A third-party special needs trust, however—because it is not funded by the beneficiary’s assets—need not include such a “payback provision.” (Loring & Rounds, A Trustee’s Handbook—Rounds and Rounds (2024) § 9.3, p. 1482 & fn. 25; Special Needs Alliance, Administering a Special Needs Trust: A Handbook for Trustees (2024) p. 5 [as of May 10, 2024], archived at (Handbook) [self-settled special needs trusts, unlike third-party trusts, “must include a provision directing the trustee, if the trust contains any funds upon the death of the beneficiary, to pay back anything the state Medicaid program has paid for the beneficiary”]; id. at p. 6 [third-party special needs trust is established by someone other than the person with disabilities “with assets that never belonged to the beneficiary” and are not required to include a “`payback’ provision for Medicaid benefits upon the beneficiary’s death”].)

The court’s decision, however, did not stop there. The purpose of the trust was to “satisfy Daniel’s “special needs”—the “requisites” for maintaining his “good health, comfort, safety, and welfare”—as the trustee in her “sole discretion . . . deem[ed] necessary or advisable.” The terms of the SNT expressly stated Daniel’s special needs “shall include, but not be limited to” his medical and dental care, travel needs, and recreation—among other delineated items—to the extent not provided for or reimbursed by public benefits. Thus, in the court’s view, “In a perfect world, Daniel would have lived a much longer life and died spending the last penny of the trust doing something that brought him joy.” As the trial court put it, the terms of the SNT “allow[ed] for payment of those `extras’ for Daniel that public benefits did not cover.” We agree with the trial court’s assessment of the trust instrument.”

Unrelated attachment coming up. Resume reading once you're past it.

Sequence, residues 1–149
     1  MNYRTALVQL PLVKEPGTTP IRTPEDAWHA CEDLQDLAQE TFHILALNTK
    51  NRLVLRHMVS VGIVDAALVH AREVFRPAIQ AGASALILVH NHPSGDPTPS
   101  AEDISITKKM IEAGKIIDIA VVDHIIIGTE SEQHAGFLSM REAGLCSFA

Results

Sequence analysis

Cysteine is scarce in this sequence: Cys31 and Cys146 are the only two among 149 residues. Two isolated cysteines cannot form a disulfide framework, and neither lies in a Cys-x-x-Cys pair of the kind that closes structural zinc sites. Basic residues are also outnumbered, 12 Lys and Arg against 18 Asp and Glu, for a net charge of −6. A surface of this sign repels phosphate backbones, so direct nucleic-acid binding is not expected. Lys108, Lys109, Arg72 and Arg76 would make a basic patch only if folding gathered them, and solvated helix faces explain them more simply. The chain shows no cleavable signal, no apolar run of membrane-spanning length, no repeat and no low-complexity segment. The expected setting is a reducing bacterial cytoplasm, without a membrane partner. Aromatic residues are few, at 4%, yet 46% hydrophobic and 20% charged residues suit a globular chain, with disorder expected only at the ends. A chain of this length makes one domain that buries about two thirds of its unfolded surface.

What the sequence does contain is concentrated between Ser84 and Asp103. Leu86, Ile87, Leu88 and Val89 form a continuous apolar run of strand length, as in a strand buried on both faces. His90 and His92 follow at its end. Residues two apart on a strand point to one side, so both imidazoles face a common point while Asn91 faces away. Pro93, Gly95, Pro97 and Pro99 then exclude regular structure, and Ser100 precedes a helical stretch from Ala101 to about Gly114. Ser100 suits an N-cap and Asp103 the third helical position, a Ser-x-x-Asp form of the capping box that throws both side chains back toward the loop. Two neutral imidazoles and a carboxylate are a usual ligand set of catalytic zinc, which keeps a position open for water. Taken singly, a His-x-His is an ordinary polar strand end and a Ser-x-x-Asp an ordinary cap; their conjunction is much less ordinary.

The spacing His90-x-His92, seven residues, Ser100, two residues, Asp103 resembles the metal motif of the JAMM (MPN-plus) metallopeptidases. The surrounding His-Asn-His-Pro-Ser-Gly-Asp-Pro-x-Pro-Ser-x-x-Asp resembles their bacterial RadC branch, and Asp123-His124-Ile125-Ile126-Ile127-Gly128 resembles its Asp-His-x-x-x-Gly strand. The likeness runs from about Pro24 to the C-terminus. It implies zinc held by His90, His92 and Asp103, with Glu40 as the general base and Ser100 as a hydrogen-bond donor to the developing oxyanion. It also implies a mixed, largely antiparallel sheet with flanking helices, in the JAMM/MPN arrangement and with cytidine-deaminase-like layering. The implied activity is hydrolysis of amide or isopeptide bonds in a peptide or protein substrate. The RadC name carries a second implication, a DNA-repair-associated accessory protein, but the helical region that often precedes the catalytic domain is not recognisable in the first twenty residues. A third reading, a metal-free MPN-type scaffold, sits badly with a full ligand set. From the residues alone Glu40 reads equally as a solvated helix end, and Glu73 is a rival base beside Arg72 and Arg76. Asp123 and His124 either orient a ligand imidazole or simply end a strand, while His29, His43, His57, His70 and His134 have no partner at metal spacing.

Apparently Charlyne did a poor job of keeping up with Daniel’s needs. For example, she didn’t know the radios she bought for him were broken. Although Charlyne gave Daniel her cell phone number, Charlyne’s voice mail wasn’t set up. Charlyne didn’t keep in touch enough to know that Daniel needed new clothing. Patty made provision for Daniel and requested reimbursement without first consulting with Charlyne. The Court concluded that concluded Charlyne was not regularly asking Daniel about his needs, so the trial court did not err in ordering Charlyne to reimburse Patty. Other expenses, such as attorneys fees, mileage, cash deposits Patty made before her appointment as conservator were analyzed separately, with the Court determining whether they were for Daniel’s benefit (or covered by another source) before making a decision regarding Patty’s right to reimbursement.